We all worry or feel scared at times, but some teens may worry so much that they avoid participating in activities, being with others, or going places. Young people with disabilities and developmental challenges often experience higher rates of anxiety than their peers. Anxiety can take different forms, and some teens can show symptoms of a number of types of anxiety. You can learn about some of the common forms of anxiety below.
Post-traumatic stress disorder
What might be some strengths?
- Some students with anxiety may want their work to be perfect and so create high quality work.
- Teenagers with anxiety may connect with trusted adults or friends for support.
- Some students who have been through a traumatic event may grow personally as a result. They may feel close to friends and family members, as well as their religion. They might feel they are good at coping with difficult events, be thankful for and value life, and have a clear idea of what is important to them.
- Teenagers with selective mutism may cooperate well with other students and obey the rules.
Where might you provide support?
- Worried and scared students usually try to avoid the thing that stresses them. This could mean that they avoid or don’t join in for some activities.
- They may look stressed or restless, or they may keep to themselves and avoid some activities or people. A student with anxiety who refuses to participate may be feeling overwhelmed rather than misbehaving or being stubborn.
- Some students might be very distressed or agitated when feeling anxious. They may even refuse to attend school.
- They may seek lots of reassurance from staff and they may be upset if their work is not perfect. They might refuse to try something if they don’t feel they can do it well (particularly if others are watching), or throw their work away to start again.
- Events that are out of routine, such as excursions, sports events, or camps may be very challenging.
- Anxiety can cause physical symptoms such as frequent stomachaches and headaches. This might affect their interest in class, or result in frequent sick bay visits. Teenagers with anxiety may find it difficult to concentrate at times or appear restless.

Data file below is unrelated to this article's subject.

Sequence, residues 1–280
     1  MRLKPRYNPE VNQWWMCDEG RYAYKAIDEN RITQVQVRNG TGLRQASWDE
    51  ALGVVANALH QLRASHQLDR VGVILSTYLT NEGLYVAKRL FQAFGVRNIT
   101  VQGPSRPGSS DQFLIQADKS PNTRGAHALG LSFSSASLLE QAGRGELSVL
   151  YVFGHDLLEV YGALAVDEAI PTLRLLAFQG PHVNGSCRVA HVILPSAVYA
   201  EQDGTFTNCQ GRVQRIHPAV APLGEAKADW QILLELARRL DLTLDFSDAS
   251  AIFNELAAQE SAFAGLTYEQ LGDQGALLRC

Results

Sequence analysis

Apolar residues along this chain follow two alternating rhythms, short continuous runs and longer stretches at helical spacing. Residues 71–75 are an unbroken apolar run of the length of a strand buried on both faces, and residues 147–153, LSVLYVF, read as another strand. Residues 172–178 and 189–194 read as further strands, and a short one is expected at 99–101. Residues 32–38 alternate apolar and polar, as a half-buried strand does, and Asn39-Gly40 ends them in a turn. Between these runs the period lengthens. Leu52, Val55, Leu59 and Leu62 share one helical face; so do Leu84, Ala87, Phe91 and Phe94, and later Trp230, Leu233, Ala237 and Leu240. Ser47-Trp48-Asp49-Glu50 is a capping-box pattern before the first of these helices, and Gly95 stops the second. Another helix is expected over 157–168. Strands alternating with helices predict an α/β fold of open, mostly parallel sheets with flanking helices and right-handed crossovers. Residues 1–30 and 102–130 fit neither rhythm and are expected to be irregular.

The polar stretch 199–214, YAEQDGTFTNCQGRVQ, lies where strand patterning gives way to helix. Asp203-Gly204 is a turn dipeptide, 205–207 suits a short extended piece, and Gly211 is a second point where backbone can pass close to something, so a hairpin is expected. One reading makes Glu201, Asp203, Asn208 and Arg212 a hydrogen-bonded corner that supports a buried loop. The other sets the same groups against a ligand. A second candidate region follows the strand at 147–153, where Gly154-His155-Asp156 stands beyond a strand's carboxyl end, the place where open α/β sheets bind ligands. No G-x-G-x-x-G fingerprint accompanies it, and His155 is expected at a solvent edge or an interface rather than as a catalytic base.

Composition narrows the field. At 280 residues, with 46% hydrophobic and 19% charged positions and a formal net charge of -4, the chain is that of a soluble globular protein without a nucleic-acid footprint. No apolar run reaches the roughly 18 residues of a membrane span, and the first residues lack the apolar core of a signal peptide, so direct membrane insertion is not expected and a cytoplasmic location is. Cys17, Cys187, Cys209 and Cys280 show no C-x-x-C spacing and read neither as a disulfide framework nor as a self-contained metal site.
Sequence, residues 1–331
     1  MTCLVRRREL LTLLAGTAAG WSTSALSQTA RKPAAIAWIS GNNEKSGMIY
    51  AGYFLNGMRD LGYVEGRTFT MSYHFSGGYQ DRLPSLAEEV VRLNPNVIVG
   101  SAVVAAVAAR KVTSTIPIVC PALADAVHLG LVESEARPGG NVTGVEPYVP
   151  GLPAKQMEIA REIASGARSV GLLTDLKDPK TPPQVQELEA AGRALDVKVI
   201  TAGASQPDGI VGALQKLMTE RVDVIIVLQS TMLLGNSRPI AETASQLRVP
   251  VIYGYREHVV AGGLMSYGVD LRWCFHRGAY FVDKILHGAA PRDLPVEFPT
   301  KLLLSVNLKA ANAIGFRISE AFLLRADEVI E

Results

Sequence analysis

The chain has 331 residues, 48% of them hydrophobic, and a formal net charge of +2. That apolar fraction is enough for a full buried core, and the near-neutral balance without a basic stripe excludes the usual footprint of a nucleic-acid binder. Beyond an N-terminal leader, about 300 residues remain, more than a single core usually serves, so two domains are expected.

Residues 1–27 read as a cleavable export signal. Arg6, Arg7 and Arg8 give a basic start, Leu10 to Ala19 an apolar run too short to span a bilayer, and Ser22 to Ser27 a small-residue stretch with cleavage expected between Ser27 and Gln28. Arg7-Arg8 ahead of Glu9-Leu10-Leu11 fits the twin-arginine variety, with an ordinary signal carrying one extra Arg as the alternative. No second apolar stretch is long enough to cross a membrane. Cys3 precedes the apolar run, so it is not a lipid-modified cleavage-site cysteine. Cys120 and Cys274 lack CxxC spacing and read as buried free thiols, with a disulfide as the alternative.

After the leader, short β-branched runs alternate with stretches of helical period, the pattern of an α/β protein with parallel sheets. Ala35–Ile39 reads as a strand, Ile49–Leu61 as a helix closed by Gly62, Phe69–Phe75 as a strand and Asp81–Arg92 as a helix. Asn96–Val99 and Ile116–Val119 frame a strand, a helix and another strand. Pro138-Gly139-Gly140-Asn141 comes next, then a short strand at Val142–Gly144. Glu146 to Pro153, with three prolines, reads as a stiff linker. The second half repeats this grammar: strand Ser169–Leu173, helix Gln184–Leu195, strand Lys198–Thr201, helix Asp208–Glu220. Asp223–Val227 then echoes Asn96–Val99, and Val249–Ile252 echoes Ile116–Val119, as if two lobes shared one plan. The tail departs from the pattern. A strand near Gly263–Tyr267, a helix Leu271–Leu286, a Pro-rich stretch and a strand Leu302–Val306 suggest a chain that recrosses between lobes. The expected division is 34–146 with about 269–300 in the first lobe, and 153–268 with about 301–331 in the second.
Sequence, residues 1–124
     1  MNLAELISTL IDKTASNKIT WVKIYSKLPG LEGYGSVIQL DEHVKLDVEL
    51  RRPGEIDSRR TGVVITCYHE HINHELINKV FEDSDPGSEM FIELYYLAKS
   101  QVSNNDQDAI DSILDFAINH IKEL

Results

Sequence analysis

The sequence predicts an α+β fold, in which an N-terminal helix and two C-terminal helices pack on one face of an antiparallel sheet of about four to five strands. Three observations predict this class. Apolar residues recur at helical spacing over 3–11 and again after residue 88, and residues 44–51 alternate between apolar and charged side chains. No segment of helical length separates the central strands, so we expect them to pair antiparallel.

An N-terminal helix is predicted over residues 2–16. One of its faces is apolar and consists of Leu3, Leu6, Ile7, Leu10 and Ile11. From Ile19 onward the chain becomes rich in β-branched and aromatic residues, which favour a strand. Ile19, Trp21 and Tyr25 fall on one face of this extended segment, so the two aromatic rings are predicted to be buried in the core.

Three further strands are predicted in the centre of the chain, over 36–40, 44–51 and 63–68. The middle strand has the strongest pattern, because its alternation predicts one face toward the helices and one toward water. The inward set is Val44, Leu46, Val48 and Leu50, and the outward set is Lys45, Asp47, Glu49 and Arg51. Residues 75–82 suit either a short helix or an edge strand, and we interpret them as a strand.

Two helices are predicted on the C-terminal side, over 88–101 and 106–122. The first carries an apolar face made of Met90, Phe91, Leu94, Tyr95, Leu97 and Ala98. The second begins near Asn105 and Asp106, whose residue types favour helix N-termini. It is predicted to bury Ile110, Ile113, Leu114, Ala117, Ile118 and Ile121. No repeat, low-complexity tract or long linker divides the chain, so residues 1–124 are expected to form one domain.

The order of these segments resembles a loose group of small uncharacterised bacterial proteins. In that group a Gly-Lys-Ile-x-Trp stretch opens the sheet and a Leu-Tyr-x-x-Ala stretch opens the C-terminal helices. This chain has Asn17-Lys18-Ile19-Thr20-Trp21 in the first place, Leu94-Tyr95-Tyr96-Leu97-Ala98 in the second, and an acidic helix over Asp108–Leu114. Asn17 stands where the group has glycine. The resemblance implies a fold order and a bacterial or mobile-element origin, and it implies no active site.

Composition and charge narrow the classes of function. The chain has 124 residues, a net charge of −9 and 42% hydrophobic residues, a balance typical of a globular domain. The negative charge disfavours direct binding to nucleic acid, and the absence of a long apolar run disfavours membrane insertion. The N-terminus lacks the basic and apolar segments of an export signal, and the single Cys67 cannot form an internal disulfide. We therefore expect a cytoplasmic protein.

- Anxiety can reduce a student’s ability to do well in a task, especially when they’re working in test-like conditions. This means that sometimes their results might not reflect what they are capable of.
Adapt activities to be as inclusive as possible
Allow time to calm down
Activate social supports
Best practice tips
Provide a supportive and structured classroom environment
Consider student stressors and experiences
Monitor your own emotions
Excursions and camps
Alcohol and drugs
Other co-occurring conditions
AllPlay Learn’s Recognising and supporting student anxiety forms help teachers and students to reflect on:
- a student’s early signs that they are feeling anxious
- later signs that their anxiety is escalating
- triggers or contributors to the student’s anxiety
- strategies that may be effective at specific timepoints
Talking with families about their observations will help you develop a shared and richer understanding about the student’s anxiety. Involving students in recognising and responding to signs of anxiety can increase their autonomy and confidence. Some students may complete these forms independently, while others may find working with a trusted teacher, family member or health professional (e.g. their psychologist) helpful.
These forms can be used to support collaboration and communication across teaching staff, which can help create consistent supportive environments that foster a student’s sense of security and capability in managing their anxiety. You may also like to consider including these forms within an existing Individual Learning Plan to support the student throughout the year.
Visit our resources page for a range of resources that can help to create inclusive education environments for students with disabilities and developmental challenges. Some particularly relevant resources for students with anxiety include our secondary student resources for seeking help, and: